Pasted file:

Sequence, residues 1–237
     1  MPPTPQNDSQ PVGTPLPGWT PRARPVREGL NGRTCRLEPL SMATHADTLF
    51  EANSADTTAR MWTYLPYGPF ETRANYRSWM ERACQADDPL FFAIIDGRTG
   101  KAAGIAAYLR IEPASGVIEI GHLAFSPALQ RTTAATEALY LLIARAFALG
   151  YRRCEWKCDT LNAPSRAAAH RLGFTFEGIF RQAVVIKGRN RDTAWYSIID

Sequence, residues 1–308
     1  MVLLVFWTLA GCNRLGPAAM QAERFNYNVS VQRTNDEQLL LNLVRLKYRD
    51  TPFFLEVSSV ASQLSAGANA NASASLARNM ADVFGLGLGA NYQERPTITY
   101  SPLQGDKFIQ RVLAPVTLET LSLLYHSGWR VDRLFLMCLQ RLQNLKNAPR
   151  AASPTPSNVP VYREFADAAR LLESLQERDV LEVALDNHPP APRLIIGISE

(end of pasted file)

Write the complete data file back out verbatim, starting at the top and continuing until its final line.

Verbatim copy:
Sequence, residues 1–237
     1  MPPTPQNDSQ PVGTPLPGWT PRARPVREGL NGRTCRLEPL SMATHADTLF
    51  EANSADTTAR MWTYLPYGPF ETRANYRSWM ERACQADDPL FFAIIDGRTG
   101  KAAGIAAYLR IEPASGVIEI GHLAFSPALQ RTTAATEALY LLIARAFALG
   151  YRRCEWKCDT LNAPSRAAAH RLGFTFEGIF RQAVVIKGRN RDTAWYSIID

Sequence, residues 1–308
     1  MVLLVFWTLA GCNRLGPAAM QAERFNYNVS VQRTNDEQLL LNLVRLKYRD
    51  TPFFLEVSSV ASQLSAGANA NASASLARNM ADVFGLGLGA NYQERPTITY
   101  SPLQGDKFIQ RVLAPVTLET LSLLYHSGWR VDRLFLMCLQ RLQNLKNAPR
   151  AASPTPSNVP VYREFADAAR LLESLQERDV LEVALDNHPP APRLIIGISE